It’s hard to know where to start besides the obvious: READ THIS BOOK.
Quick Plot Summary: The Hate U Give is about a sixteen-year-old African American girl caught between the two worlds she inhabits: Garden City, the economically disadvantaged neighborhood where she lives, and Williamson Prep, the elite private school she attends in the suburbs. In her struggle to belong in both worlds, we see Starr constantly jockeying to make the transition between home and school appear seamless.
In and of itself, that alone could fill a book, but first-time novelist Angie Thomas has decided to take on an incendiary current issue besides. She puts Starr in a car with a childhood friend when he is pulled over by the police, shot, and killed. As the sole witness, Starr has to grapple with a difficult choice: whether to speak up on Khalil’s behalf, or maintain her safety and anonymity at the expense of justice. Continue reading “The Hate U Give”
Ages: Any, though the very young will get tired of shaking long before the ice cream is ready.
My kids never took to Sesame Street, or Mickey Mouse, or the Disney Channel; they didn’t care for children’s movies, either. For the most part, I appreciated that, and enjoyed my Dora-free existence. It did become an issue, however, when I desperately needed to make a phone call, or do my homework, or even just have five minutes of unchaperoned time in the bathroom.
As the girls got older, they got better at amusing themselves from time to time, but sick days remained problematic. I would eventually run out of patience with Barbies (for the moderately ill) and with ladling tea and stroking hair (for the flu victims). Unfortunately, my youngest was frequently fighting some bug or another. I heard myself asking: please, please, wouldn’t you like to watch twenty minutes of television? Sadly, no.
But one day last January, my seven-year-old got a glimpse of the Food Network. Now I have that “be careful what you wish for,” kind of feeling. “That’s not how you do a chiffonade,” Josie told me later, as I chopped mint for the top of a fruit salad. “I think there has been a misunderstanding,” she said another time, catching me frosting her fancy ganache-filled mocha birthday cupcakes with a tub of Betty Crocker vanilla.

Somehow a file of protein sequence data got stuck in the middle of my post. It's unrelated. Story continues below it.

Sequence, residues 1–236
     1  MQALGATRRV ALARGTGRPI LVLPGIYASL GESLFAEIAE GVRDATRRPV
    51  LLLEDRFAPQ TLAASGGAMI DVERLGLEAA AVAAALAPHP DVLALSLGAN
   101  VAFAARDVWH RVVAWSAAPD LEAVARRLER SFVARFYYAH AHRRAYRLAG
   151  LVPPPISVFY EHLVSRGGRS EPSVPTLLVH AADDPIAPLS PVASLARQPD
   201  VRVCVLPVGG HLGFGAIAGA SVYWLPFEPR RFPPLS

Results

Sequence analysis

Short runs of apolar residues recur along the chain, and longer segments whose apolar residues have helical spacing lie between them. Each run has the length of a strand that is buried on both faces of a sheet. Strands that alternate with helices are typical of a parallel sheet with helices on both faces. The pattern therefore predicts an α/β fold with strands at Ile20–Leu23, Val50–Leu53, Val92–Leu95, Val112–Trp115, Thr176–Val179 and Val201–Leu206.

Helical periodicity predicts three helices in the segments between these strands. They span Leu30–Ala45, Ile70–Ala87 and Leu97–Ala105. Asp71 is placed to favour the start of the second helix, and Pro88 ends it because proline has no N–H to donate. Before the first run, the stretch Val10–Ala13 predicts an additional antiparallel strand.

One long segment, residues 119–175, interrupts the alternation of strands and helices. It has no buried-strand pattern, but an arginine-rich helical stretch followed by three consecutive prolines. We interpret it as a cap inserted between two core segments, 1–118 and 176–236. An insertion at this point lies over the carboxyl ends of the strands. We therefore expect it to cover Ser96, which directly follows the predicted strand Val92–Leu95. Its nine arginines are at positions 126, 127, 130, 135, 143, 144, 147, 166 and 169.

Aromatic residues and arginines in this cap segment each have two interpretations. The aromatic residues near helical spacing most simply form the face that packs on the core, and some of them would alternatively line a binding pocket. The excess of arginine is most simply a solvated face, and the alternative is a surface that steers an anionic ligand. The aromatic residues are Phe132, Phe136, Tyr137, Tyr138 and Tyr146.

It’s possible I love it because I had a very handsome math teacher.
More likely, it’s because I had a very handsome, very effective math teacher at an impressionable age. Junior High was such a wasteland of raging hormones, brutal social cliques, and boring grammatical exercises; Mr. W. was like a shining star in the midst of it all. Unfortunately for him, we loved him eighth-grade style; we were constantly doing ridiculous things to get his attention. One day we spoke without making a sound–just mouthed words–for the entire class period. Once we stacked the desks in a pile and sat on the floor in a circle, like kindergartners. But Mr. W. was well acquainted with thirteen-year-olds, and remained completely unfazed. Not only did he maintain his sense of humor, he doggedly plowed through the equations, vividly illustrating the meaning of X with his wacky stories and chalk drawings of widget factories. Thanks to Mr. W., algebra still makes happy sense to me and everyone else who drove him crazy.
Someone killed math for a lot of people, which is a crying shame. If your child hates math, though, it might not be their teacher’s fault. It might not even be because of you and your own math badditude. It might just be the way our culture seems to throw up their hands in the face of it. People make jokes about their inability to do math in a way that they would never, ever do about reading. They dismiss the ability to calculate by pointing to the computer and asking, “why bother?” Continue reading “Learning to Love Math”